Part of our Planning Team, Emily Anderson looks at how planners can reduce fear of crime in our cities, and how environmental design principles can help make our urban spaces safer and more inclusive.
Although it may not be thought about in our daily lives, the way in which different groups of people experience the city varies dramatically. Women, and those who identify as either women or non-binary, are one of these groups.
Since the late 1980s, research on how women experience the built environment and how this impacts their fear levels has steadily increased; this research includes my own Master’s Dissertation on how media impacts women’s fear of crime in the city, and how urban planning can reduce this fear. Many academics and researchers have found that women are more likely to adapt their routes through where they live, particularly at night, due to a fear of crime (Pain, 1991; Valentine, 1989). More recently, movements such as Reclaim the Night and Reclaim the Streets have sought to bring attention to the fear that women experience in the public domain.
Research has shown that darker spaces, the reputation of the area, and a lack of surveillance are features of an urban area which have been shown to cause an increase in fear in women. As planners, we can help reduce some of the fear that women and other marginalized groups experience in cities and towns. Greater Manchester Police have pioneered a theory of “Crime Prevention Through Environmental Design” (CPTED) which comprises of five principles:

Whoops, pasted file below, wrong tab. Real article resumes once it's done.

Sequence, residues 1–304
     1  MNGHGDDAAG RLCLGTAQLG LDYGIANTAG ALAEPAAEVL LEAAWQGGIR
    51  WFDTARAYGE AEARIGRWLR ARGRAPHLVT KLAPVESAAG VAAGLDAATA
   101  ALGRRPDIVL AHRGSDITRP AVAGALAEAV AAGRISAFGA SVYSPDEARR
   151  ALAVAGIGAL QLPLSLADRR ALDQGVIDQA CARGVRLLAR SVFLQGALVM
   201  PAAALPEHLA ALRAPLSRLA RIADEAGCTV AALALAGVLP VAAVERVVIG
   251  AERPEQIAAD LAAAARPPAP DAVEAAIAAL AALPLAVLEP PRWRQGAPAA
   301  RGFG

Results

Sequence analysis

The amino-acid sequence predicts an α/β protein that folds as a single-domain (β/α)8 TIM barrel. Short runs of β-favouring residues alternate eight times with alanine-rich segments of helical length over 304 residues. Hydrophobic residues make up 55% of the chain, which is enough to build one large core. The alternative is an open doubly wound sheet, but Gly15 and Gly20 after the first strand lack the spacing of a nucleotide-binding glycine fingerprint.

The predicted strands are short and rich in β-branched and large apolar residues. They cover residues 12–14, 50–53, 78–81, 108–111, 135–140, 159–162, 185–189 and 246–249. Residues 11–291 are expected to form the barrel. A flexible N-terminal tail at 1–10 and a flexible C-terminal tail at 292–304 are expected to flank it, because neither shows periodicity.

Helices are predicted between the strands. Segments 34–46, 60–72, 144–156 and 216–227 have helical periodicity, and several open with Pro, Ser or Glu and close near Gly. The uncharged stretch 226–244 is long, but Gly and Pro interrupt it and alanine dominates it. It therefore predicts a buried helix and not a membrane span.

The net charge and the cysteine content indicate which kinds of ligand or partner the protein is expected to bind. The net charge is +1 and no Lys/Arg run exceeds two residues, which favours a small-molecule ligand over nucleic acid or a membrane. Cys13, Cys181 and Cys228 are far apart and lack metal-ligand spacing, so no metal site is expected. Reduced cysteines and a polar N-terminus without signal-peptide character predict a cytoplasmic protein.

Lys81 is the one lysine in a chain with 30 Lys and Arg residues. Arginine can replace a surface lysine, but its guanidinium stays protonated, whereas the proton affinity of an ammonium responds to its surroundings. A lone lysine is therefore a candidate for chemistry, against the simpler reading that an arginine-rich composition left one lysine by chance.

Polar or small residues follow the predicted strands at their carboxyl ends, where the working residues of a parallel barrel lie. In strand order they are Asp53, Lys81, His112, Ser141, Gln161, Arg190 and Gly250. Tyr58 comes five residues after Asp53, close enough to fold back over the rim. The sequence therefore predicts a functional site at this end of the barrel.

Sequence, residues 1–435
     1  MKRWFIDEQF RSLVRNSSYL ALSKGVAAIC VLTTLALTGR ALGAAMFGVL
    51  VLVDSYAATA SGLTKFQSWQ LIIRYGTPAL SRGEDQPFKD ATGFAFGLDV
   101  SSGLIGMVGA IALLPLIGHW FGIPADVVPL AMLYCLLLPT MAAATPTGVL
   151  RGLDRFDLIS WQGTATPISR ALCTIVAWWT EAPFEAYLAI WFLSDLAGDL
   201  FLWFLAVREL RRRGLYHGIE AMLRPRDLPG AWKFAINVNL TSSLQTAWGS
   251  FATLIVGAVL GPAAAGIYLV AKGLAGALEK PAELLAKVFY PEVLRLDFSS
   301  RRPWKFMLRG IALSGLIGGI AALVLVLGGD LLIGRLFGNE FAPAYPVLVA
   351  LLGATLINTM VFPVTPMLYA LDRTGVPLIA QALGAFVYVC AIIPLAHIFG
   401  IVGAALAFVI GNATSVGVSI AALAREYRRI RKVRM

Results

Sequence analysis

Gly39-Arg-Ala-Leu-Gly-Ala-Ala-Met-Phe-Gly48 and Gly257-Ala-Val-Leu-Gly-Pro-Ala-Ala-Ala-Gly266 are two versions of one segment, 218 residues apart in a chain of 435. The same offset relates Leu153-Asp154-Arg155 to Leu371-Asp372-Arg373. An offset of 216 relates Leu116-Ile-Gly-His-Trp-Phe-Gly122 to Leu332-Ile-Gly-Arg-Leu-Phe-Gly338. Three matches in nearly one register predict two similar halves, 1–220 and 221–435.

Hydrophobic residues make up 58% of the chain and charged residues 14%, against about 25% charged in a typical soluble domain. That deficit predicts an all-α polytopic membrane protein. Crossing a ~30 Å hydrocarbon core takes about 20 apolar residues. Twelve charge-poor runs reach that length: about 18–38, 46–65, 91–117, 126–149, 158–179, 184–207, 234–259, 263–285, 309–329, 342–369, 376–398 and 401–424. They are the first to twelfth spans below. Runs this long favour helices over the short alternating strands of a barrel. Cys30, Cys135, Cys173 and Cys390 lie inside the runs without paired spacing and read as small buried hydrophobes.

- Physical security
- Movement control
- Management and maintenance
- Defensible space (Greater Manchester Police, n.d.)
When contributing to the design stage of a project, whether it be a large housing development or a regeneration scheme in a town or city centre, planners should make sure that the five principles of CPTED have been considered. Examples of this could include the use of natural surveillance, whereby the users of the streets can be seen from residential or shop/office windows, as well as other people on the street.
Surveillance, either through CCTV or natural, could also be enhanced through the addition of street lighting, especially in darker areas such as alleyways and underpasses, and any areas which had a reduced amount of footfall.
Through the incorporation of the design features mentioned above, as well as the inclusion of different groups of people in the consultation process, we can help make our cities and towns more inclusive and safer for all who use them.
Emily Anderson, Planner, Planning & Design Practice Ltd
Urban design is about making better places and creating communities. It is about creating healthy communities that support well being where people want to live and be proud of, where houses, jobs, school, shops and community facilities are brought together.
Urban design has a key role in tackling climate change, in making future places more robust to withstand the impact of climate change and adaptable as conditions change. At Planning & Design Practice we have a talented group of planners and urban designers who can work with you to create outward looking inclusive designs which will be supported by Local planning Authorities.
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